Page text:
Rediscovering Eve: Ancient Israelite Women in Context

Rediscovering Eve: Ancient Israelite Women in Context

Rediscovering Eve: Ancient Israelite Women in Context

Rediscovering Eve: Ancient Israelite Women in Context

Synopsis

This groundbreaking study looks beyond biblical texts, which have had a powerful influence over our views of women's roles and worth, in order to reconstruct the typical everyday lives of women in ancient Israel. Carol Meyers argues that biblical sources alone do not give a true picture of ancient Israelite women because urban elite males wrote the vast majority of the scriptural texts. Also, the stories of women in the Bible concern exceptional individuals rather than ordinary Israelite women. Drawing on archaeological discoveries and ethnographic information as well as biblical texts, Meyers depicts Israelite women not as submissive chattel in an oppressive patriarchy, but rather as strong and significant actors within their families and in their communities. In so doing, she challenges the very notion of patriarchy as an appropriate designation for Israelite society.

Excerpt

More than twenty years ago, with the encouragement of many colleagues and friends, I published a book—Discovering Eve: Ancient Israelite Women in Context (Oxford, 1988)—that I hoped would enlighten readers about women in the biblical past. My goal was twofold: to provide new ways of understanding the Eve of the Genesis narrative, and also to reconstruct the everyday lives of women in the earliest period of ancient Israelite existence. The second goal would presumably contribute to the first. The book drew on biblical texts, archaeological data, and social science materials.

Much has changed since the 1980s in all of the areas that were my resources for that book, and I was thrilled when Oxford seemed interested in publishing a revised version that would take into account those changes along with my own subsequent work on women in the world of the Hebrew Bible. Having agreed to update the 1988 book, I soon found that a revision was not possible. I would not be merely correcting or improving or updating a few points; I would not simply be adding some references. The changes I found myself making were too extensive and too profound for the result to be considered a second revised edition. At every step of the way, I found myself able to retain very little of the previous book. It is my hope that the new title, Rediscovering Eve: Ancient Israelite Women in Context, acknowledges my indebtedness to its antecedent but also represents the fact that there are substantial differences. The present book is similar in structure and goals to its predecessor but also differs in many ways.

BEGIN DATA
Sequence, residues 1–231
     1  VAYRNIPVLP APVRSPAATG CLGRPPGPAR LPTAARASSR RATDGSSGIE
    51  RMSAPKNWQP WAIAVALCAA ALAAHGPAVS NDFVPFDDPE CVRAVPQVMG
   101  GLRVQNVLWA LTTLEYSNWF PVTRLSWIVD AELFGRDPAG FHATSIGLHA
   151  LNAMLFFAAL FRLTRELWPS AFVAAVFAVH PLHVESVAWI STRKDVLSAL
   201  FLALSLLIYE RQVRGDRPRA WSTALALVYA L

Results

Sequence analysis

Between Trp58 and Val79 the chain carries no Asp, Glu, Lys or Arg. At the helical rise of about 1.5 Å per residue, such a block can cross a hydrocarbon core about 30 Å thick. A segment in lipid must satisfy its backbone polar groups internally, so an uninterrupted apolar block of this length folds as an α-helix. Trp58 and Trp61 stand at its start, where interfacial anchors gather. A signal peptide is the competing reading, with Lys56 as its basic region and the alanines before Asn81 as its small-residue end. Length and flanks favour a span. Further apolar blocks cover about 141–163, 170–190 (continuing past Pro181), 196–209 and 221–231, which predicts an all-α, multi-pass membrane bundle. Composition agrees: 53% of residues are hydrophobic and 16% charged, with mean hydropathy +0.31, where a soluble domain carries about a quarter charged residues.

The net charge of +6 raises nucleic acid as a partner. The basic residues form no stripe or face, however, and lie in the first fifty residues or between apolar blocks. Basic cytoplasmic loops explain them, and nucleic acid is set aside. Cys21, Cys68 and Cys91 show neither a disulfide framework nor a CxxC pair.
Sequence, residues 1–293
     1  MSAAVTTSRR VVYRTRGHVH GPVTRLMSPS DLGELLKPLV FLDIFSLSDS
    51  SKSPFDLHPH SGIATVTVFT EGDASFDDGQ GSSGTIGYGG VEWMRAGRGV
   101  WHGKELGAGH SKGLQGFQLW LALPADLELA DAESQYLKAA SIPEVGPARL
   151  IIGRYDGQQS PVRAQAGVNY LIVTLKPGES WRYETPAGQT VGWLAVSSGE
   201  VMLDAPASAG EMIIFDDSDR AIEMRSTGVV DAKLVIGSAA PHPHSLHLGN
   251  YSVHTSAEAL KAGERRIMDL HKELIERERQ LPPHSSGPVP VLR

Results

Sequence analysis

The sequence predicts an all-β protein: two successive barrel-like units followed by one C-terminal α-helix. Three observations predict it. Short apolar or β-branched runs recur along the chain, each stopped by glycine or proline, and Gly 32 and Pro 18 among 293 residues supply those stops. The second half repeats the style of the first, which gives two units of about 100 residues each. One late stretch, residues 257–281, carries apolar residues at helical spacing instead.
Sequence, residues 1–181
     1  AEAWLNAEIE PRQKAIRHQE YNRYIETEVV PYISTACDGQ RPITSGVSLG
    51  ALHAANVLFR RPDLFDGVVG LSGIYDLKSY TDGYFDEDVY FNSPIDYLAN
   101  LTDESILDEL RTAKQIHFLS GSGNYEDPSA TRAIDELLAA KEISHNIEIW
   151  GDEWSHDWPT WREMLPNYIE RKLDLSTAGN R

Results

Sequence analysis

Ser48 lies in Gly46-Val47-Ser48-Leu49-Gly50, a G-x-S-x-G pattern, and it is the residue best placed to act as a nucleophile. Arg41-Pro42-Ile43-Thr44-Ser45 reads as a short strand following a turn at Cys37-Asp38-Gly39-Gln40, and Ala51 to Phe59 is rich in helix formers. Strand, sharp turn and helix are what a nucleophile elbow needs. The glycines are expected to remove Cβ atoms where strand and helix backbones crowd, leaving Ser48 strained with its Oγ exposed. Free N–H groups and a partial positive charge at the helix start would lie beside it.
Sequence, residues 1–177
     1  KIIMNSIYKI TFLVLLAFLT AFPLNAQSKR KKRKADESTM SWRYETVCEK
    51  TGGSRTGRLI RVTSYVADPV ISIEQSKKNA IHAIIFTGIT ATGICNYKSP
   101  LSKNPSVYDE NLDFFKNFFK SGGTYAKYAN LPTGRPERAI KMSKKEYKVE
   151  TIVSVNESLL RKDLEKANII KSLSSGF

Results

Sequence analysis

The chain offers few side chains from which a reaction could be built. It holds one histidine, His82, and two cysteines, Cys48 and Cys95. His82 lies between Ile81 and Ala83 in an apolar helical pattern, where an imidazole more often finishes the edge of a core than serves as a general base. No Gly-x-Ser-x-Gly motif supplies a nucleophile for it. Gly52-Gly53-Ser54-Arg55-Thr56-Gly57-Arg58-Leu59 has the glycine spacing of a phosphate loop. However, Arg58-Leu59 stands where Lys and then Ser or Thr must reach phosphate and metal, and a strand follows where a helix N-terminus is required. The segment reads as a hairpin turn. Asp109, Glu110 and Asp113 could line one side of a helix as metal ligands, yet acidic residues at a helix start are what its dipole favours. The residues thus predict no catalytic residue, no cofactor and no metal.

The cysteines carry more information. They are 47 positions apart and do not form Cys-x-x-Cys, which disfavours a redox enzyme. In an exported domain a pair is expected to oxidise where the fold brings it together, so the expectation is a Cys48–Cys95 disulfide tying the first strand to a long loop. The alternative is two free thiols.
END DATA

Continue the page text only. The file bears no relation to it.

Most obvious is the scope. Readers who are familiar with the 1988 book will notice that I no longer restrict my observations about women’s lives to the earliest period of ancient Israel (Iron Age I, ca. 1200–1000 bce). Rather, I believe that the agrarian life that obtained in that period continued throughout most of the Iron Age for most people.

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